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NCJ Number: 155862 Find in a Library
Title: Abusive Prosecutors: Gender, Race and Class Discretion and the Prosecution of Drug-Addicted Mothers
Journal: Buffalo Law Review  Volume:39  Dated:(1991)  Pages:737-802
Author(s): D L Greene
Date Published: 1991
Page Count: 66
Type: Legislation/Policy Analysis
Format: Article
Language: English
Country: United States of America
Annotation: Prosecutors have tremendous discretion, particularly at the precharging stage of the criminal justice process, and the extent of prosecutorial abuse in the case of drug-addicted mothers is examined.
Abstract: Prosecutor discretion is virtually unconstrained by courts, legislatures, and the electorate. Consequently, there is great potential for prosecutors to use their discretion against some of the least powerful in society, drug-addicted poor minority women. The extent of prosecutorial discretion and potential abuse is examined using the paradigm of drug-addicted women. Justifications for allowing prosecutors wide latitude and existing inadequate constraints on prosecutor discretion are discussed. Ways in which demographics, pluralistic ignorance, and the ideology of U.S. courts contribute to doctrinal anemia in the area of prosecutor discretion are highlighted. Effects of gender, color, and class on prosecutor bias and ways in which feminist and critical race methodologies reveal such bias are explored. Criminal justice system reforms are recommended to curb prosecutor discretion in the case of drug-addicted mothers. The creation of a board system is proposed to provide information for the democratic control of prosecutors and to provide community perspectives on gender, race, and class biases. 272 footnotes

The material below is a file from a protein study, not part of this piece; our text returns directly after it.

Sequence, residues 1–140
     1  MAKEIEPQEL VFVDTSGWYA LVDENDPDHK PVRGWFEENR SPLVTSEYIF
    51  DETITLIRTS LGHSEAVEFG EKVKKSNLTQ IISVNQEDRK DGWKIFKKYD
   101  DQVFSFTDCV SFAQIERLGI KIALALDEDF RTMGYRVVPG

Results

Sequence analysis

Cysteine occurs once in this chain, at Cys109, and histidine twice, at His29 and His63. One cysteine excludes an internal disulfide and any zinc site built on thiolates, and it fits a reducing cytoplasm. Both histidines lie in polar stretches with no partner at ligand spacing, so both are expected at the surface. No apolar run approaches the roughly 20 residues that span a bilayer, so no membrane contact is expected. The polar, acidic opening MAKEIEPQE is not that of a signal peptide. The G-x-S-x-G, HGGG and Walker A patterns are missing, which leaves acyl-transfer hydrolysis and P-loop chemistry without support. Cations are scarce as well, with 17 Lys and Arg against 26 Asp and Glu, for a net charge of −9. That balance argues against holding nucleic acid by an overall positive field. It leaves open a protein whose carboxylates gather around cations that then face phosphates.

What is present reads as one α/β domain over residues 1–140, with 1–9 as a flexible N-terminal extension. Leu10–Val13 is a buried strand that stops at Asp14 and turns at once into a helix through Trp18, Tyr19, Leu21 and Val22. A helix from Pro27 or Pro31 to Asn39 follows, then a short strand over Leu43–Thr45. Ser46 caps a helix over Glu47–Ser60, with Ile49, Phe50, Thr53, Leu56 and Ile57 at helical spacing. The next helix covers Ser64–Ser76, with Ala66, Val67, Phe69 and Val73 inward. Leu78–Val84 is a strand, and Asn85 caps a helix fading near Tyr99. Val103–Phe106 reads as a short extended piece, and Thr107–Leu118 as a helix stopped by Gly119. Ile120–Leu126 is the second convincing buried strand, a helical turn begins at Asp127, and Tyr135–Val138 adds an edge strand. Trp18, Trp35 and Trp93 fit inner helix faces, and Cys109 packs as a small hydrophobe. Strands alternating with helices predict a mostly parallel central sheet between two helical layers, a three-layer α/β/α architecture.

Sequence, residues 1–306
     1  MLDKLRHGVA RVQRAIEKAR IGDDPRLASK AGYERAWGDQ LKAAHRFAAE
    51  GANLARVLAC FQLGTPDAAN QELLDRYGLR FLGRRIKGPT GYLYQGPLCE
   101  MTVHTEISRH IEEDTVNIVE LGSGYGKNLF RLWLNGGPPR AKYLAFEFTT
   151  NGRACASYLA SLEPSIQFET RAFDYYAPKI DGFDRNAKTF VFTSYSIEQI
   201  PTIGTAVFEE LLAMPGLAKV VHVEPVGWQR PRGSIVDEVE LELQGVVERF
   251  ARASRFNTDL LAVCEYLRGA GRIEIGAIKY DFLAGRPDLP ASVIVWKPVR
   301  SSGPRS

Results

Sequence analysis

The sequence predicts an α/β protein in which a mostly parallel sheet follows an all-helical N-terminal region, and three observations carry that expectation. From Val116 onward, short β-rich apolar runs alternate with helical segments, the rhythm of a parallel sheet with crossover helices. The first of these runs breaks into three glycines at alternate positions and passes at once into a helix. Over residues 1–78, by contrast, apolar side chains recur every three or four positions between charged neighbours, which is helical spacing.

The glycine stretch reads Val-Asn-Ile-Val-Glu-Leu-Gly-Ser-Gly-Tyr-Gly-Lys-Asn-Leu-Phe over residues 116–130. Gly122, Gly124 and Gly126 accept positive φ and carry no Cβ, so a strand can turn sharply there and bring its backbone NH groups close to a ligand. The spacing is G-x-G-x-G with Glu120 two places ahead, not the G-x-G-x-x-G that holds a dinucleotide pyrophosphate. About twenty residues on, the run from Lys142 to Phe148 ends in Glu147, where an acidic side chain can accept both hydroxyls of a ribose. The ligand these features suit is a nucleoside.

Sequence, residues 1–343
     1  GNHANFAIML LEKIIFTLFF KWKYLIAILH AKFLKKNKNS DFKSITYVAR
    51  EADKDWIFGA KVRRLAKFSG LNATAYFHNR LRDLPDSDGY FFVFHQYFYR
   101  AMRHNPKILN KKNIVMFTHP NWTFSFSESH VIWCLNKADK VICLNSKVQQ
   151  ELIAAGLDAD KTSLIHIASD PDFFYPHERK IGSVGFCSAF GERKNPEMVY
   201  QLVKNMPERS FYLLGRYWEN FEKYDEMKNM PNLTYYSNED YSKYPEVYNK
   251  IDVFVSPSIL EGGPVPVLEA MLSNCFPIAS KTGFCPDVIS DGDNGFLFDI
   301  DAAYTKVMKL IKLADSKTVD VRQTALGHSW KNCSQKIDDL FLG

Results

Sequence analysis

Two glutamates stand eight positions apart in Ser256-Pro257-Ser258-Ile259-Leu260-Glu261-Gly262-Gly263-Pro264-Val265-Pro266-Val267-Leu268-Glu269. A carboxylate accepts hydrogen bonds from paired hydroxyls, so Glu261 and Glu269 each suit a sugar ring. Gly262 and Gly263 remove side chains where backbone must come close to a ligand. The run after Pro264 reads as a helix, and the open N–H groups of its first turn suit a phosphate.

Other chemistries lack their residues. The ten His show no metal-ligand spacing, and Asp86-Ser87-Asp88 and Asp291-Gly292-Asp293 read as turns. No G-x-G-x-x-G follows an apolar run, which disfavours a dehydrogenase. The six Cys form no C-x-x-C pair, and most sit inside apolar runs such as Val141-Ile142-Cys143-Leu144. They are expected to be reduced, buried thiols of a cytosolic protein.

Main Term(s): Drug dependence
Index Term(s): Criminal justice system reform; Drug abuse; Female offenders; Minorities; Pregnant drug abusers; Prosecutorial discretion; Prosecutors; Racial discrimination
Note: DCC
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